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Security Deposit

Leasing/Renting

Leasing or renting a place to live off-campus can be a very exciting and positive experience. However, it can also be confusing and overwhelming. The following links will provide you with information and resources to help you successfully navigate your off-campus experience from signing a lease to moving out and getting your security deposit back:

Security Deposit

A security deposit is any amount of money or property provided to the landlord to secure performance by the tenant under a rental agreement. The landlord will most likely will require you to pay a deposit to cover any unpaid rent or damages you might cause during your tenancy. The deposit is refundable if there is not damage and/or unpaid rent at the end of your lease. A security deposit, however, does not give the tenant permission to damage the property during the leasing period.

Give your landlord, IN WRITING, your forwarding address when you move out. Once you have left, the landlord has 30 days to return your security deposit. If you don’t get all of it back, the landlord must send an itemized statement explaining the deductions.

For information on what you can do during move in and out that may help you get a fair amount of your security deposit returned or if you believe your security deposit is being unfairly withheld, click on the following link for options:

Move In/Out Inspections

Before you move into your apartment or house, inspect your rental and record anything that is in need of repair, damaged, or hazardous. You can use the sample check-in form by clicking the link below. If you find something wrong with the rental and it is not on the check-in form, make a note of it in the additional comments section.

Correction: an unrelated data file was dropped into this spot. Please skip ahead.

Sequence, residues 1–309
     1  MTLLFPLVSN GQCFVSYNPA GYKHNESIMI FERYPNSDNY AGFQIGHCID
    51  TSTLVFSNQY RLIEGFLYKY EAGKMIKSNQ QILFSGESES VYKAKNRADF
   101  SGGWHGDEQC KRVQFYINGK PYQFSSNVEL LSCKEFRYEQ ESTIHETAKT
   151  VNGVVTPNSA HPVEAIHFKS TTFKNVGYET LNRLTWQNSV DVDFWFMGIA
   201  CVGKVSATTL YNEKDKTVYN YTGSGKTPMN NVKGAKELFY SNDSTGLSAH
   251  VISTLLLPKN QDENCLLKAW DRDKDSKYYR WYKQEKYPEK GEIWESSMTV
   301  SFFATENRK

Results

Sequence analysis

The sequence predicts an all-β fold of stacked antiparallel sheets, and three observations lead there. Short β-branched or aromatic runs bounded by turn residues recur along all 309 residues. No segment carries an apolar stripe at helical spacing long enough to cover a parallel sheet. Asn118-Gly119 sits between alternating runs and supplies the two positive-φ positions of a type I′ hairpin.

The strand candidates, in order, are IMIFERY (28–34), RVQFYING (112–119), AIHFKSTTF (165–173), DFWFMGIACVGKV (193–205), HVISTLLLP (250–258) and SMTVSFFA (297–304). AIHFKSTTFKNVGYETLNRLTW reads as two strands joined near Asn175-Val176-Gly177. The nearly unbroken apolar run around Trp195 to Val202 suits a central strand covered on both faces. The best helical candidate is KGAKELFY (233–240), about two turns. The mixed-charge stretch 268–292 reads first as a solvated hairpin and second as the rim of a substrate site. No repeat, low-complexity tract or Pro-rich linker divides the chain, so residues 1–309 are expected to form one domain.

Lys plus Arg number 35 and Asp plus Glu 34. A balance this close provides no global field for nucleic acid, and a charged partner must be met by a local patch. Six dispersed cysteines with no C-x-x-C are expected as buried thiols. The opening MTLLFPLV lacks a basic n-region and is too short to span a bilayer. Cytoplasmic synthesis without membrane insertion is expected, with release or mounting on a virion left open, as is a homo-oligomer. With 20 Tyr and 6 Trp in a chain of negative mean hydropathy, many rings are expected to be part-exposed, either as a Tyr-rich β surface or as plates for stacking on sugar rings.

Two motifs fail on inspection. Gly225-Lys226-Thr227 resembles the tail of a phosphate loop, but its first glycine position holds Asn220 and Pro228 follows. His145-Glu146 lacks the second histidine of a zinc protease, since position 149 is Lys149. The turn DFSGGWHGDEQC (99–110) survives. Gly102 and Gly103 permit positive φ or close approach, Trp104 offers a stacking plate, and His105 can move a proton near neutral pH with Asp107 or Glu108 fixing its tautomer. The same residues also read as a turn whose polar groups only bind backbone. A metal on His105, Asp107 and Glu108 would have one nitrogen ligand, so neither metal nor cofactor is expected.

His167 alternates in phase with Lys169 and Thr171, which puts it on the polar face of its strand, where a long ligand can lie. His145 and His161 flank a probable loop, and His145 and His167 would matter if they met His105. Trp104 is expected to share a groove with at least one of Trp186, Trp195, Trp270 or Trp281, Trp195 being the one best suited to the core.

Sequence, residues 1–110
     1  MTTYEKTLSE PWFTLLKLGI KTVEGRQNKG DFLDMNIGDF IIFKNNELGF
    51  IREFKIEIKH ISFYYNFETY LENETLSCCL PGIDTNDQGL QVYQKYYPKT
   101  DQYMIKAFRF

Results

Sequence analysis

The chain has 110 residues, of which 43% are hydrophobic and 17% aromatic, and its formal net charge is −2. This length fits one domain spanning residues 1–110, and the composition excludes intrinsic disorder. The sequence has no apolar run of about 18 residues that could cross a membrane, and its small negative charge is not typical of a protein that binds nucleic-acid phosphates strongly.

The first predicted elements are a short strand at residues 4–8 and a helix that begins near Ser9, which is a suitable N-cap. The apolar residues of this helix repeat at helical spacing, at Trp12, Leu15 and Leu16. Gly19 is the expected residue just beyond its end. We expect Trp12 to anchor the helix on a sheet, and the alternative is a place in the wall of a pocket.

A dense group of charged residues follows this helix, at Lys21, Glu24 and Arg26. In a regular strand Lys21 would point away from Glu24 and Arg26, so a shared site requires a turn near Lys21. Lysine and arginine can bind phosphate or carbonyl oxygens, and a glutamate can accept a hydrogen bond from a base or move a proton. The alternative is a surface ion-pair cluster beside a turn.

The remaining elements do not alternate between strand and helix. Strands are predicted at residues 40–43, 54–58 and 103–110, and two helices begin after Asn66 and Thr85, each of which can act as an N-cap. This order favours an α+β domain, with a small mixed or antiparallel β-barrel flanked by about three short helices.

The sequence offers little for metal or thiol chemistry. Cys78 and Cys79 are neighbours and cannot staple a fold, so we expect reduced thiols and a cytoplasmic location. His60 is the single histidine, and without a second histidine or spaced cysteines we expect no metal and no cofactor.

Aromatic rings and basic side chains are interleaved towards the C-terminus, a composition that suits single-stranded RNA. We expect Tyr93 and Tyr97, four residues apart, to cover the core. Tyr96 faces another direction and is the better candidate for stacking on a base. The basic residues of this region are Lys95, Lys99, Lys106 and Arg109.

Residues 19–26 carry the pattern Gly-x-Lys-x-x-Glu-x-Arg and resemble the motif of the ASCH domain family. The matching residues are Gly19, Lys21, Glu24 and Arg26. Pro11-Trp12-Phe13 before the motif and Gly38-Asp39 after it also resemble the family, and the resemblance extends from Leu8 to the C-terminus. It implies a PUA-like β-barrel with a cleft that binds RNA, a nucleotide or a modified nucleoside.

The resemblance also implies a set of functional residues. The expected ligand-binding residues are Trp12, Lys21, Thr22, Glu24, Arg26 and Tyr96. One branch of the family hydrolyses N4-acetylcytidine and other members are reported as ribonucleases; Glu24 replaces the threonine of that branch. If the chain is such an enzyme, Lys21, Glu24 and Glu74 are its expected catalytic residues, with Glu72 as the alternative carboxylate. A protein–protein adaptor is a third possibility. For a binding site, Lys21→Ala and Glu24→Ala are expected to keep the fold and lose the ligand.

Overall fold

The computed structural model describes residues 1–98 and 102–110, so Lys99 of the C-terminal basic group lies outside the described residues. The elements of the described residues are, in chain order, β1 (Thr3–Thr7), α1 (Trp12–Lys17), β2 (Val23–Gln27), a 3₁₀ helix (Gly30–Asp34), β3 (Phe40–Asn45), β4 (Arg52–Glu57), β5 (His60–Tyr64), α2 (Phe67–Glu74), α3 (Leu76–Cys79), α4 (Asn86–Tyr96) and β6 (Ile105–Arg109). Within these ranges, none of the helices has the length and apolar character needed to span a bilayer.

Ideally, your landlord should be present when you inspect the property. After inspection is completed, ask your landlord to sign the checklist to ensure that you both agree to the outcome of the inspection. Furthermore, be sure you and your landlord are in agreement as to how the problems will be fixed. How these problems should be fixed should be listed in your lease.

It is best to videotape or photograph your inspection of you apartment or house. The key is to take pictures of everything. It is also important that you can prove that the pictures or video that you took are dated accurately. Holding up the daily newspaper in your picture is one way to do this. It is not absolute proof, but it is better than nothing. Also, do not pause the tape if you are videotaping because it may look like it has been edited. Be sure to take the same precautions when you move out of your apartment or house to help prove your case regarding the condition you left your place if it is challenged by your landlord.